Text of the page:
SPECULATION about the origin of human beings in America has been ebullient ever since America was discovered, and has hardly yet sobered into science. In an age for which the legends of the Old Testament were
inspired history, and deviation from them condemned as heresy, the discovery of races of men in the New World raised a theological rather than a scientific problem-or at any rate a scientific problem which had to be settled within an established theological framework. The naive speculations of the early years were inevitably committed to the traditional Biblical world-picture and had to find a place for the native peoples of America within that picture. Thus within a few years of the discovery Arias Montanus of the Biblia Poliglota (1569-73) propounded the theory that the American populations were descended from Shem, son of Noah, after the Biblical deluge. Early in the seventeenth century appeared an alternative view that some of the tribes of Israel, dispersed by the Assyrians, had found a refuge and a new home in the New World. Many other speculations followed, involving the Phoenicians, the Chinese and the people of the lost continent of Atlantis. While these wild and groping guesses are today no more than a curiosity of history, the attitude of mind which they represent was antipathetic to the preservation of the native legends and memories. For the Indians had their own legends of their origins and their own stories of a flood. But in so much as these were necessarily in conflict with Biblical ' t ru th ' , they were contemptuously rejected by the chroniclers as pernicious follies of the infidel and wicked deceits of the devil. Thus a wealth of material which might have been of inestimable value to the modern student was irretrievably lost. After solemnly showing that Peru was originally peopled from Plato's Island of Atlantis-which itself had been populated by descendants of the eight persons who were saved from the Flood in Noah's ark-Sarmiento dismisses the local legends with lofty and righteous contempt. 'As these bar-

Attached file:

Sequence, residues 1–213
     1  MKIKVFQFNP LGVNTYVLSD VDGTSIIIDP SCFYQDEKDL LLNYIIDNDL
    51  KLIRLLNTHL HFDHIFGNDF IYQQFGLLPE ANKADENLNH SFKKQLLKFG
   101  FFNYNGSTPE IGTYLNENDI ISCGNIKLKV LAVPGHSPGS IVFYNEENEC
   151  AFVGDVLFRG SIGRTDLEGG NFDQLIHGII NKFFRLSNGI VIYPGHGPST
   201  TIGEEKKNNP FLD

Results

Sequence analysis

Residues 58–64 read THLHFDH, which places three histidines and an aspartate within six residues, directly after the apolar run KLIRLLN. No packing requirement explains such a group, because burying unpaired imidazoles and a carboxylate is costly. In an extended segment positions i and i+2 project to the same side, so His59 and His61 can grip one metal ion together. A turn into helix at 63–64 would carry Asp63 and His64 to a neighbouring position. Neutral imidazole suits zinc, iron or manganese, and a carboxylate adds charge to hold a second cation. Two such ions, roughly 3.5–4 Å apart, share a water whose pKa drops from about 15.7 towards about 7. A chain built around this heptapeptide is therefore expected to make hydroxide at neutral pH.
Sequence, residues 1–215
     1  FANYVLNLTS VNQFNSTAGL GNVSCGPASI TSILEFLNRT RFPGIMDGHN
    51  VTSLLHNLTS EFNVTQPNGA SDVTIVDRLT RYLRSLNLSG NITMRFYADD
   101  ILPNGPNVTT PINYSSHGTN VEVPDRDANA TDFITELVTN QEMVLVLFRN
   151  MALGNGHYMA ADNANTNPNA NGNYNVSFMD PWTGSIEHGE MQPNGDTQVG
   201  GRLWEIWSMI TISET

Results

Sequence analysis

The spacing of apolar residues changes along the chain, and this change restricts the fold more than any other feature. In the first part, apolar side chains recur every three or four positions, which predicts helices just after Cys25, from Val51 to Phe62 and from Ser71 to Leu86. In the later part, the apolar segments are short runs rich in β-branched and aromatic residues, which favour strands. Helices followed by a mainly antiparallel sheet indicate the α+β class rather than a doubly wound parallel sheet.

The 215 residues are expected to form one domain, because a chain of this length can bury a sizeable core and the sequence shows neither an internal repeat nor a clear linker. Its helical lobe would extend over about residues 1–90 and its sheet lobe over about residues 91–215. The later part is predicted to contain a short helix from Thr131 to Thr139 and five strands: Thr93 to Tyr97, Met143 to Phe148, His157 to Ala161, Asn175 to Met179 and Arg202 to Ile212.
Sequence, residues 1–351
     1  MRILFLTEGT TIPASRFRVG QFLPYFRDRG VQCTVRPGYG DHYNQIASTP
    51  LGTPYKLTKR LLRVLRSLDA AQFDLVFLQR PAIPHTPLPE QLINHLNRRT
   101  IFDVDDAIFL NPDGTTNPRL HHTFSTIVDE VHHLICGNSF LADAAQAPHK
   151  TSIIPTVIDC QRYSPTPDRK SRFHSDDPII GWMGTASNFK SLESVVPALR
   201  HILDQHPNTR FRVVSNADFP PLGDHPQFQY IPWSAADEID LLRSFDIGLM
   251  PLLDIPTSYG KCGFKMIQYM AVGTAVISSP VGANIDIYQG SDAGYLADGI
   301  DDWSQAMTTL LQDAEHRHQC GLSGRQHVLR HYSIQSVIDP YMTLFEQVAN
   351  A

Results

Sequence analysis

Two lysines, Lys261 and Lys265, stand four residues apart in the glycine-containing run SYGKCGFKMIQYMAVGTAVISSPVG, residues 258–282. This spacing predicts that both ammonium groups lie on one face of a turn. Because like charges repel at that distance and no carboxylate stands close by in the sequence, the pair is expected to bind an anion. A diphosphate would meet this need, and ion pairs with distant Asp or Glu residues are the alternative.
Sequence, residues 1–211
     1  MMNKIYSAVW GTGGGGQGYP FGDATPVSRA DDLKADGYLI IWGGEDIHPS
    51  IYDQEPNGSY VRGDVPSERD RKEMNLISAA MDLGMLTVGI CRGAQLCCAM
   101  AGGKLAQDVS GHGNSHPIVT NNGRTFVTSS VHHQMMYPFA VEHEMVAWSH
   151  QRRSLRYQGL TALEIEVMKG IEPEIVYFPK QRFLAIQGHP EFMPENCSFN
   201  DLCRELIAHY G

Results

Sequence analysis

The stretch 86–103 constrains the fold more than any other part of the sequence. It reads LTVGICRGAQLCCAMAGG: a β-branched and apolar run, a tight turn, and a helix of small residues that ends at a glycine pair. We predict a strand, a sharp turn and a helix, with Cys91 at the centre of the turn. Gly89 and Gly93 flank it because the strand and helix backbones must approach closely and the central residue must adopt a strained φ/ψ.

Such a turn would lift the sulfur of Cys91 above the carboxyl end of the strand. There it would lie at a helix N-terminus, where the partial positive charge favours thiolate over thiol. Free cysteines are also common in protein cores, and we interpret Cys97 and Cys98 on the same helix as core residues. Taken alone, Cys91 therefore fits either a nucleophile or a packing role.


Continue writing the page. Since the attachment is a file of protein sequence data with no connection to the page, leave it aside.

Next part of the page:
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barous nations of Indians were always without letters, they had not the means of preserving the monuments and memorials of their times, and those of their predecessors, with accuracy and method. As the devil, who is always striving to injure the human race, found these unfortunates to be easy of belief and timid in obedience, he introduced many illusions, lies and frauds, giving them to understand that he had created them from the first, and afterwards, owing to their sins and evil deeds, he had destroyed them with a flood, again creating them and giving them food and the way to preserve it. By chance, they formerly had some notice, passed down to them from mouth to mouth, which had reached them from their ancestors, respecting the truth of what happened in former times. Mixing this with the stories told them by the devil, and with other things which they changed, invented, or added, which may happen in all nations, they made up a pleasing salad, and in some things worthy of the attention of the curious who are accustomed to consider and discuss human ideas. One thing must be noted among many others. I t is that the stories which are here treated as fables, which they are, are held by the natives to be as true as we hold the articles of our faith, and as such they affirm and confirm them with unanimity, and swear by them.' And Sarmiento was more broadminded and more curious than most.